Letter to Kazimierz Twardowski written 26.07.1925

Toruń, 26/8/1925.

At the same time I’m sending an offprint of my habilitation lecture by way of Kazik [Ajdukiewicz]



            Most Honourable Professor!

                                  During my last conversation with you, you asked me about Bergson’s Perception du changement [Perception of change]. Well, please forgive me for completely forgetting at that moment, while thinking only about the potential for publishing a translation of this kind, that you once, at my request, arranged to have a copy made of this little work, which of course must have been associated with certain costs which I obviously ought to have covered a long time ago. Over the last few years, however, I’ve been so busy with my habilitation, relocation to Lviv, and assorted problems, that it slipped my mind entirely. I’m very sorry about that, and moreover politely ask you to graciously inform me of the relevant amount; I’ll try to pay this sum back to you, with thanks, at the earliest opportunity.

            As for the translation itself, it’s occurred to me recently that it might be easier to find a publisher if you’d be so gracious as to undertake the final editing of this translation, such that I’d do all the heavier work, whereas you’d graciously review and correct the result. This would be very important first of all for material reasons, because I’ve never translated from French before and I have some concerns about whether I’d manage to do it well. If you think my idea is possible to carry out, then perhaps it’d be necessary to add translations of ‘Introduction to metaphysics’ and ‘Philosophical intuition’, in which case all the most important things about intuition, which so far have been very hard to come by, would be gathered together. I’d be very grateful if you wouldn’t mind graciously considering this project and informing me, given an opportunity, of your opinion of it. Naturally, I’d be able to take up this matter only after relocating to Lviv, because I don’t have any suitable texts here.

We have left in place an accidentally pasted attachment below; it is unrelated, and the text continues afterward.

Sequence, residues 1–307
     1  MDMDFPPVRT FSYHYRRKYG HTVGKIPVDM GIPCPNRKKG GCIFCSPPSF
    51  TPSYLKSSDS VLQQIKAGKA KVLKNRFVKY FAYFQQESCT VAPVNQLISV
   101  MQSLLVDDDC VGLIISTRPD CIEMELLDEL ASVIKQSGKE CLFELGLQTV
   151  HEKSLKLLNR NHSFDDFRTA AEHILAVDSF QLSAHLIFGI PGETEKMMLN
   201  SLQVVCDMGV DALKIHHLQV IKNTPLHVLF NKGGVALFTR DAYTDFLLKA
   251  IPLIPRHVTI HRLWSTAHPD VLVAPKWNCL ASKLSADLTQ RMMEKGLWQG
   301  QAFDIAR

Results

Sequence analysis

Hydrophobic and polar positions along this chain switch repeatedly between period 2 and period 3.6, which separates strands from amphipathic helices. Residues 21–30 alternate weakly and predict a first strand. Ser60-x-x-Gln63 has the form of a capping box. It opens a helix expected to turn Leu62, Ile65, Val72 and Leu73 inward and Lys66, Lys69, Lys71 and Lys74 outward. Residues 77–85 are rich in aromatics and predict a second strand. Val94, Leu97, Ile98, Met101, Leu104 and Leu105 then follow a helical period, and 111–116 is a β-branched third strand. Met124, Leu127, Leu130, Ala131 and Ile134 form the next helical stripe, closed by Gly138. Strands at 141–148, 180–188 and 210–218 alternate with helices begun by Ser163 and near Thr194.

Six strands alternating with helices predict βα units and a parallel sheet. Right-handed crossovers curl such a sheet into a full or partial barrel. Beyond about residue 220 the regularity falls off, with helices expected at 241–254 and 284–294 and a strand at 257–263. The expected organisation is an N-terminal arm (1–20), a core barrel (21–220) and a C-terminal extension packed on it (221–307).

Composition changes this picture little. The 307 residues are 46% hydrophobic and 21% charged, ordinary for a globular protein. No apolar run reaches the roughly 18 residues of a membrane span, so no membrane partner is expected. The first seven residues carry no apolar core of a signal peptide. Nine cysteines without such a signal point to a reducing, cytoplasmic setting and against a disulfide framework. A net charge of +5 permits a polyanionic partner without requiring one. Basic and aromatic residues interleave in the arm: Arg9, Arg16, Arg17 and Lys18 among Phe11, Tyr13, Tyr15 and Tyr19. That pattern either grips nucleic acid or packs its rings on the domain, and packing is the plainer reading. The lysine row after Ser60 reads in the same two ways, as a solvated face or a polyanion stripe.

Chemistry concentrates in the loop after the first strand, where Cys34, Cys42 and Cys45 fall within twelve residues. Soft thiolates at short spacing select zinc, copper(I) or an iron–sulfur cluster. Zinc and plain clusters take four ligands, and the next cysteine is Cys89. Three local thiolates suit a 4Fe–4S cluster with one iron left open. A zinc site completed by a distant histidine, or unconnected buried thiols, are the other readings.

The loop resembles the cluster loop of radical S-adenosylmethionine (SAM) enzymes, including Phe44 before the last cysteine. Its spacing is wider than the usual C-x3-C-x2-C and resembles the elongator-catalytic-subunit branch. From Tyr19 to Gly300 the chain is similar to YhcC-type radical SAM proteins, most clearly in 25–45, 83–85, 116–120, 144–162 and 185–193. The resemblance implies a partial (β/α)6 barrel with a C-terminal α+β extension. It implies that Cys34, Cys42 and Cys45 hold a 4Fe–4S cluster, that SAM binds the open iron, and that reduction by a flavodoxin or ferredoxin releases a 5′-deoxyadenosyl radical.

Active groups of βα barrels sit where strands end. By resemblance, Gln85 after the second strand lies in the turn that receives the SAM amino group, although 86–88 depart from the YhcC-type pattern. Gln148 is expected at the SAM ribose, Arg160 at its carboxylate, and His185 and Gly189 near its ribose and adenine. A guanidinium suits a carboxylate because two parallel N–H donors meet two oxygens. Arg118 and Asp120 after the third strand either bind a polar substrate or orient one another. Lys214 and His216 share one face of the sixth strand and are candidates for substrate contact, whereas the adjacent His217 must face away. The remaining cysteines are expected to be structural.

The matter of my relocation, however, is looking more and more unfavourable, because the flat that I’d counted on obtaining via exchange (4 rooms in ul. Pańska [Pańska street]) can’t be exchanged, since its [female] owner hasn’t decided to go ahead. At the same time I learned, upon my arrival, that during her stay in Warsaw my wife consulted a doctor who found weakness in her cardiac muscle and enlargement of her right ventricle, along with general anaemia. As a result, I’m more fearful than I was about leaving her alone in Toruń with all the problems on her head. And were it not for fear of not managing to find a position in Lviv next year, perhaps I’d have decided to postpone my relocation until next year. I’m still thinking about it. It’d be very easy to stay, because the local middle school doesn’t have anybody to take over for me and there are no candidates at all. In addition, the other mathematics teacher in the local middle school is leaving this autumn to become a headmaster, so that the entire system, with its 22 branches, would be left with only one qualified mathematics teacher. For this reason, too, the local Board would be happy to see me stay in Toruń. But it’s difficult for me to decide. Over the next few days I’m going to talk to my mother-in-law about whether she’ll be able to move to our place in Toruń next year, and then I’ll decide what to do.

            Thanking you cordially for having warmly welcomed me during my stay in Lviv, I enclose expressions of my true and profound respect and esteem

                                                                                                               Roman Ingarden